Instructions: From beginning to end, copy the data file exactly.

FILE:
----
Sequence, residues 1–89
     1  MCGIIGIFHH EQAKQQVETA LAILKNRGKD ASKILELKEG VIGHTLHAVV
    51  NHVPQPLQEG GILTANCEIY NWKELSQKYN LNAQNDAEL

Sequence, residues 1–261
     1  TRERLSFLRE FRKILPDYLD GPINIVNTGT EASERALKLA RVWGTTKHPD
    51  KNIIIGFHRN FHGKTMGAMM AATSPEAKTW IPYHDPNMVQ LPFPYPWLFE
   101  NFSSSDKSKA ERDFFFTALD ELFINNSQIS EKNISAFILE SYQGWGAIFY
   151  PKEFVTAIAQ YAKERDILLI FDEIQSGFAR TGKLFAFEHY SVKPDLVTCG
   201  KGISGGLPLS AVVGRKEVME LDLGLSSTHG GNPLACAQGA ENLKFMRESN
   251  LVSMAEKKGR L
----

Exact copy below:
Sequence, residues 1–89
     1  MCGIIGIFHH EQAKQQVETA LAILKNRGKD ASKILELKEG VIGHTLHAVV
    51  NHVPQPLQEG GILTANCEIY NWKELSQKYN LNAQNDAEL

Sequence, residues 1–261
     1  TRERLSFLRE FRKILPDYLD GPINIVNTGT EASERALKLA RVWGTTKHPD
    51  KNIIIGFHRN FHGKTMGAMM AATSPEAKTW IPYHDPNMVQ LPFPYPWLFE
   101  NFSSSDKSKA ERDFFFTALD ELFINNSQIS EKNISAFILE SYQGWGAIFY
   151  PKEFVTAIAQ YAKERDILLI FDEIQSGFAR TGKLFAFEHY SVKPDLVTCG
   201  KGISGGLPLS AVVGRKEVME LDLGLSSTHG GNPLACAQGA ENLKFMRESN
   251  LVSMAEKKGR L